There are many great vineyards in Spain, especially in La Rioja, one of the oldest and most famous bodegas is Marques De Riscal. Located just 6 km from the small town of Laguardia, it comes highly recommended as a stop on any trip through the Rioja region of Spain.
Where to stay in La Rioja
With a tour booked at 10:30 am (I love getting the day started the right way!), we decided to spend a night in a hotel nearby. There are a few options when looking at where to stay in La Rioja, many vineyards have their own hotels. but you’ll find most of the accommodation is based in and around the region’s capital Logroño. For this visit, we opted for the small town on Laguardia, and we were not disappointed.
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Staying in Laguardia
Where is Marques de Riscal Vineyard?
The Vineyard Tour
Why is Rioja wine often in a wire mesh?
Our hotel in Laguardia
We were celebrating a special occasion (I won’t bore you with the details) but as a result, I decided to splash out a little more than I usually would and stayed at the boutique hotel Castillo El Collado (€119). The building dates from the 19th century and is constructed on the site of a 12th-century fort complete with an imposing tower as a symbolic nod to the past.
As soon as we walked in it felt as if we had stepped back in history, the dark wooden staircase, stone walls, and impressive artworks; welcoming, yet slightly intimidating. However, as we entered our room, all that faded away. Each of the ten rooms is individually decorated; ours felt warm and romantic with wooden panelling on the walls, a fireplace, bed big enough for a whole family and a luxurious Romanesque bathroom with a tub big enough to sink the Titanic (though not the iceberg).
Oh, I haven’t mentioned the complimentary bottle of wine that all guests also receive!
Climbing the hotel’s tower
After a glass of red, we set out to discover more. We didn’t have to go very far; the hotel allows guests to ascend to the top of the tower. The wooden staircase creaked beneath our feet as we circled our way to the top of the tower. Old bottles of wine are displayed on the wall as a reminder of where you were . . . in case you’d forgotten that you were in the centre of one of Spain’s most famous wine regions.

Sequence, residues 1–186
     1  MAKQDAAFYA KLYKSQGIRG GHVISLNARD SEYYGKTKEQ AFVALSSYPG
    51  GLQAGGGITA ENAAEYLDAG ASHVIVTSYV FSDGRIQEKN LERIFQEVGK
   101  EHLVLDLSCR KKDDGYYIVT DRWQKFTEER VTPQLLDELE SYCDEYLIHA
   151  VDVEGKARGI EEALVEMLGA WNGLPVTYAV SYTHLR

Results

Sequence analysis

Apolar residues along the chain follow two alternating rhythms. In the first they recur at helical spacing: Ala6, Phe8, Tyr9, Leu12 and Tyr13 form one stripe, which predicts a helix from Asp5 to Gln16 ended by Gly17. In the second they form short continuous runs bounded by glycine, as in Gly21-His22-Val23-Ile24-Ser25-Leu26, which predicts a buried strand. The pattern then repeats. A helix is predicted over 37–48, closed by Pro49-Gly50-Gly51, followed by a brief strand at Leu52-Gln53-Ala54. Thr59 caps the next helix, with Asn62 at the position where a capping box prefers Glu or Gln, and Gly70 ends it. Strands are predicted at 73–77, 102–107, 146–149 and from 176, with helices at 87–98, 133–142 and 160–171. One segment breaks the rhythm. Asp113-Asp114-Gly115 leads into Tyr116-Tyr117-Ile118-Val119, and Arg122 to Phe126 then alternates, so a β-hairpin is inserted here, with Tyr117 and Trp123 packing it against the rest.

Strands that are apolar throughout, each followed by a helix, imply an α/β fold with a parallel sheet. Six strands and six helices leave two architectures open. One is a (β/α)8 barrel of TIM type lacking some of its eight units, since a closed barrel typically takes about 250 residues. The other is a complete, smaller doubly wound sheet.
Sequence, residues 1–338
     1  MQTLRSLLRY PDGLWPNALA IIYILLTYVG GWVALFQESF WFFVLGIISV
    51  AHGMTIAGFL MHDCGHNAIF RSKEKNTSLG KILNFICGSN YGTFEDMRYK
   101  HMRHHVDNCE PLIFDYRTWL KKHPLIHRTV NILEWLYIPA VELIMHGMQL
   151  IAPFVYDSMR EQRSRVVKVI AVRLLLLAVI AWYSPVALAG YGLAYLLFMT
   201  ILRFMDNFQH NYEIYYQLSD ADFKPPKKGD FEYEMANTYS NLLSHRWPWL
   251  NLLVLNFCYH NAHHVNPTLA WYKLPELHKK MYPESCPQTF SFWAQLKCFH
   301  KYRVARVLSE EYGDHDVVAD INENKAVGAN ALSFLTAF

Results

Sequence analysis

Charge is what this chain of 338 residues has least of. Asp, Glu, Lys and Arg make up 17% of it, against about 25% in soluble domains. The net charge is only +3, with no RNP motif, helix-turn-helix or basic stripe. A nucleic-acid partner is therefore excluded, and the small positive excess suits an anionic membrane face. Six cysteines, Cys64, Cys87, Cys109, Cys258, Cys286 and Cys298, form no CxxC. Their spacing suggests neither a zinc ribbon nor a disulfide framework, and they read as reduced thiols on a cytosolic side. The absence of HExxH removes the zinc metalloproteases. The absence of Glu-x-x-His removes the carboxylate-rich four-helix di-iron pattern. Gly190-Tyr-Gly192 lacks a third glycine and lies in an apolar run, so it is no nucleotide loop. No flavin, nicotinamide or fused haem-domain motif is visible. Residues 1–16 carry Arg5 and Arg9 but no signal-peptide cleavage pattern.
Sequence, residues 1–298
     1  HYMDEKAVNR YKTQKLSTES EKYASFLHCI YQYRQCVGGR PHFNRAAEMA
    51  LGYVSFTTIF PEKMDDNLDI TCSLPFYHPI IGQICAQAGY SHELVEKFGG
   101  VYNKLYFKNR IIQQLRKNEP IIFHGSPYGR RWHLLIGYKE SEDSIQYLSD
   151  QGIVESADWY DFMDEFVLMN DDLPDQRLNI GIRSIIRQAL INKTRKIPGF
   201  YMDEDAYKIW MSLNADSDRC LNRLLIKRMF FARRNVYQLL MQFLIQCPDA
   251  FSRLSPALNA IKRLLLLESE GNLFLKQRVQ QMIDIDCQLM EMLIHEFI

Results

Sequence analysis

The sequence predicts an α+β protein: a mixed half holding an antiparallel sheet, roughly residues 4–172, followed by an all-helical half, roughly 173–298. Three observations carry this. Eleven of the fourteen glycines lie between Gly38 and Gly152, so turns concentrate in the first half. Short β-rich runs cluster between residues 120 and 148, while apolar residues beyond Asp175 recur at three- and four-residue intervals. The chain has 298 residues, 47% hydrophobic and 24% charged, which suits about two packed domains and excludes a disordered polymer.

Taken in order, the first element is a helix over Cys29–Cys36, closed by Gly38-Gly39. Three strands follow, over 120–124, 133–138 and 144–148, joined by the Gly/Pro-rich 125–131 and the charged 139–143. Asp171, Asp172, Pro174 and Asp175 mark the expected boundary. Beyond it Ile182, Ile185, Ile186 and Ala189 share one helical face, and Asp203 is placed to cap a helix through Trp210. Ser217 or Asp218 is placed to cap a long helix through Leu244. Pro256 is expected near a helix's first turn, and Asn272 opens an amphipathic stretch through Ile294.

As we emerged onto the roof of the tower we were greeted by the sight of the Obarenes-Sierra de Cantabria mountains running along the horizon to the north, their exposed rock faces glimmering in the sunlight as if capped in snow. In every other direction were expanses of vineyards, flowing to the horizon as far as the eye can see.
When I travel places I always love to find the highest viewpoint and take it all in so this was a bonus. However, as usual, something happens to dent the moment, this time, it was my inability to remember to charge any of my camera devices leaving me unable to capture the view – this one will have to be left as a memory.
A walk along the back streets
As we headed away from the hotel, we took a walk in the surrounding gardens (free to access) and onto the thin streets enclosed by towering facades. Although all the shops were closed by the time we arrived, there were many bars open serving pinchos and tapas, of course, accompanied by the local wine at excellent prices – 70 cents for a glass in some places!
Laguardia is a charming, peaceful place that is ideal for exploring the region and we loved it, however, if you’re after a little more life in the evenings, Logroño would be a better place to stay. As for the hotel itself, I wholeheartedly recommend it as a place to stay, I didn’t see any other rooms, but ours was amazing, and the staff were fantastic.
Where is Marques De Riscal Vineyard